Furthermore, because the Web represents a global standard for the exchange of documents, it may become the common currency in which companies and individuals publish both their external and internal documents. As the race to provide Internet (Web) services to every desktop and home continues, it is predictable that the number of “publishers” will continue to grow quickly. Similarly, the trend towards high quality, multi-media productions will continue to grow. Therefore, it is predictable that a great need for tools to create multi-media Web documents may exist. Many of these tools will be software applications, such as word processors.
Peripheral devices are typically connected to the Web to facilitate user interaction with the Web. In prior art systems, peripheral devices are used for a variety of specific application functions. For instance, a printer, is used to print data, while a scanner is used to scan data. These peripherals are usually connected to a host computer, via a bus, which controls the use of the peripheral. A typical system is shown in FIG. 1. Referring to FIG. 1, a computer 101 typically includes an application 102 which makes calls to a driver 103 of printer 104 that is running on the host computer 101, thereby causing control information and signals to be sent over bus 105 to printer 104 to control its operation. Thus, access to printer 104 is only through host computer 101 and its driver 103. Therefore, if an individual wishes to print a document, the individual must communicate their wishes to the computer, which then causes the printer to perform the desired function. If an individual does not have access to a host computer with the proper driver, then the printer cannot be controlled. Moreover, if an individual is at a remote site, one may not have access to the host computer, yet would still like to control a printer. Therefore, there is a need to be able to control printers directly, without relying on a host as an interface. Furthermore, it is desirable to allow the same control from a remote location.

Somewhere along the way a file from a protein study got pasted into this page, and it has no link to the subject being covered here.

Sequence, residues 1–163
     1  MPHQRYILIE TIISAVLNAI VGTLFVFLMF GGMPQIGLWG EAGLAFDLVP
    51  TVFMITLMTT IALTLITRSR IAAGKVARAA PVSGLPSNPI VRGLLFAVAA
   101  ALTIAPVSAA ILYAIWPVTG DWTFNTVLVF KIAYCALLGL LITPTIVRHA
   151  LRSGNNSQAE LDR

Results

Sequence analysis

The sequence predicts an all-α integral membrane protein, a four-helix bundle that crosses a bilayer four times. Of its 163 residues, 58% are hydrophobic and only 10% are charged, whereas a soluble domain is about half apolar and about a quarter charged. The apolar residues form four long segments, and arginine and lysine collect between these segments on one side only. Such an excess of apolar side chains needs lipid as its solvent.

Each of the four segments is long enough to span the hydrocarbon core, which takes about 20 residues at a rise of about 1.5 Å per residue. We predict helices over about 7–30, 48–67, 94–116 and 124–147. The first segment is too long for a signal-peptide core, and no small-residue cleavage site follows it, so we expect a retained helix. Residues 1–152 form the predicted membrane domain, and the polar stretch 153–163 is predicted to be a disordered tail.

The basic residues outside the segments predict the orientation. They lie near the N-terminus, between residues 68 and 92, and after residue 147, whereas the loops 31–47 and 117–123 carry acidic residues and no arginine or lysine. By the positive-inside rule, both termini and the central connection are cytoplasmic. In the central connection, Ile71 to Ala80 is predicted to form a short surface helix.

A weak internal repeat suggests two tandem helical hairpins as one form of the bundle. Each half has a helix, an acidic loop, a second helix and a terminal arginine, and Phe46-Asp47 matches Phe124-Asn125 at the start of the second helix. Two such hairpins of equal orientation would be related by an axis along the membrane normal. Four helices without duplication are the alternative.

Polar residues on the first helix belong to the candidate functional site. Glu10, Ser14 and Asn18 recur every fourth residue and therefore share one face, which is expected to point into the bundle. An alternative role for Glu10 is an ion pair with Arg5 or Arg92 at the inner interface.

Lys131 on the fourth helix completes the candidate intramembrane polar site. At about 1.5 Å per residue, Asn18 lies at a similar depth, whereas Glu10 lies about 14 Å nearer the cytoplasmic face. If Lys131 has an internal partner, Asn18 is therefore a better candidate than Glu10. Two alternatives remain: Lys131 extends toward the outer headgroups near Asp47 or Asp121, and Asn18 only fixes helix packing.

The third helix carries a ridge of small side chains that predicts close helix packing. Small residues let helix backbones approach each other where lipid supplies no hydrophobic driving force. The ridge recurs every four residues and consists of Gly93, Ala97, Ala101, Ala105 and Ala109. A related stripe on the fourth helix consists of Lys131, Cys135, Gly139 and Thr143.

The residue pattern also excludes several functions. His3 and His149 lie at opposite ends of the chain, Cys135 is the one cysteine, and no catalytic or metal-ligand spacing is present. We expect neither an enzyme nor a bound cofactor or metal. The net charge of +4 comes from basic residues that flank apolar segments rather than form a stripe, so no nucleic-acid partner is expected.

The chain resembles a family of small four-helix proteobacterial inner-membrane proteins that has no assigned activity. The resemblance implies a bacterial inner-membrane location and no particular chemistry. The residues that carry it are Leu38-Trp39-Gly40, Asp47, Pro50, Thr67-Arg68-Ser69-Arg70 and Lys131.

According to one embodiment, a printer coupled to and for use with a network providing access to interconnected, on-line documents in response to document requests is disclosed. The printer includes a printer server for handling requests from one or more browser clients. The printer server is independent of the one or more browser clients